Lessons from the Canyons

Students Explore the Mysteries of Arches National Park
Liz TrabuccoField Notes
— Dawn Kish

Canyon Country is a place like no other. You can feel its magnificence everywhere you look. The magic lies in the orange and red of the sun-blasted sandstone, the vast array of plant life that persists despite the unforgiving nature of the desert, and the deep silence and stillness that it offers. The canyons have many lessons to teach.

Happy children running outside amongst the red sandstone formations at Arches National Park
Dawn Kish

In spring 2018, a group of fourth-grade students had the opportunity to visit Arches National Park in Utah and participate in a range of activities. A world of learning opened up as these students explored the natural beauty of the canyons, discovered their cultural and historical heritage, and participated in various educational activities. On a ranger-led interpretive hike, students learned about the awe-inspiring rock formations surrounding them, how to classify rocks and minerals native to the area, and they even learned a song about mineral properties.

A group of students and a park ranger sitting on a picnic blanket on the ground outside looking at pamphlets about wildlife at Arches National Park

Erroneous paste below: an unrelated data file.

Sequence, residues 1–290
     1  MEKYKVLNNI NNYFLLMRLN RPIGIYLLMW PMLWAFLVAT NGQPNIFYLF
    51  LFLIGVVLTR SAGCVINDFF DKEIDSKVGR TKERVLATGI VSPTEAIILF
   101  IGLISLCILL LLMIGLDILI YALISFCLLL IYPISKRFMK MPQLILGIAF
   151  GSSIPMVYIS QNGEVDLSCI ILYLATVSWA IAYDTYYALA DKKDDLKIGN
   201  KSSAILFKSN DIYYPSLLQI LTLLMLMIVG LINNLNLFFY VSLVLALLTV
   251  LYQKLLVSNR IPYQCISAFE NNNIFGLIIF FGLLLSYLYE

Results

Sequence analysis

Dawn Kish

This field trip was part of our Open Outdoors for Kids program that seeks to create pathways for children to connect with the natural, cultural, and historical wonders of our national parks. This program facilitates outdoor activities, experiential learning, and cultural heritage exercises that foster an enduring connection between children and their public lands. Help us continue to expand classrooms lessons into parks by donating today!

A group fo students and a park ranger in a school bus at Arches National Park
Dawn Kish

This field trip, and many others like it, were made possible through a grant from the George S. and Dolores Doré Eccles Foundation which aims to engage the underserved youth of Utah with America’s National Parks to help encourage a life-long relationship. The goal is to reach over 10,000 Utah students by the end of the 2018-19 school year.


I am concerned looking at this picture that they are walking on the cryptobiotic crust. Please tell me it is not the case. Thank you.
Looks like a sand-covered trail to me...?

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